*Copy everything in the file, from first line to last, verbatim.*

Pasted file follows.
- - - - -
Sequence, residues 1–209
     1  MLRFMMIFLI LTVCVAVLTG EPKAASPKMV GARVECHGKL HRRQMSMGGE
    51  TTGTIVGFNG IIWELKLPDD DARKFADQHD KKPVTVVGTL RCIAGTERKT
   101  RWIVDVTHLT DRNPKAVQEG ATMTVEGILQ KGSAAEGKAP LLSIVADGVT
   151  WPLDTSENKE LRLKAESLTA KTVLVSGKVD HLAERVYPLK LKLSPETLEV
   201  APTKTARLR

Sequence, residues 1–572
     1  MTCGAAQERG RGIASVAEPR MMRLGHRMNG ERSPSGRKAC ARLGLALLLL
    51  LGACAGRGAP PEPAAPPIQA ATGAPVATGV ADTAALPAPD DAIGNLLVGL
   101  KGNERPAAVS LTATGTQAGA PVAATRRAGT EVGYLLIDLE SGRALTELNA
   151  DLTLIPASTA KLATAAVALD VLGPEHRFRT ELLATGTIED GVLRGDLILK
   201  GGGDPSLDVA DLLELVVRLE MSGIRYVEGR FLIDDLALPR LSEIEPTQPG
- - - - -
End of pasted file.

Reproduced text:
Sequence, residues 1–209
     1  MLRFMMIFLI LTVCVAVLTG EPKAASPKMV GARVECHGKL HRRQMSMGGE
    51  TTGTIVGFNG IIWELKLPDD DARKFADQHD KKPVTVVGTL RCIAGTERKT
   101  RWIVDVTHLT DRNPKAVQEG ATMTVEGILQ KGSAAEGKAP LLSIVADGVT
   151  WPLDTSENKE LRLKAESLTA KTVLVSGKVD HLAERVYPLK LKLSPETLEV
   201  APTKTARLR

Sequence, residues 1–572
     1  MTCGAAQERG RGIASVAEPR MMRLGHRMNG ERSPSGRKAC ARLGLALLLL
    51  LGACAGRGAP PEPAAPPIQA ATGAPVATGV ADTAALPAPD DAIGNLLVGL
   101  KGNERPAAVS LTATGTQAGA PVAATRRAGT EVGYLLIDLE SGRALTELNA
   151  DLTLIPASTA KLATAAVALD VLGPEHRFRT ELLATGTIED GVLRGDLILK
   201  GGGDPSLDVA DLLELVVRLE MSGIRYVEGR FLIDDLALPR LSEIEPTQPG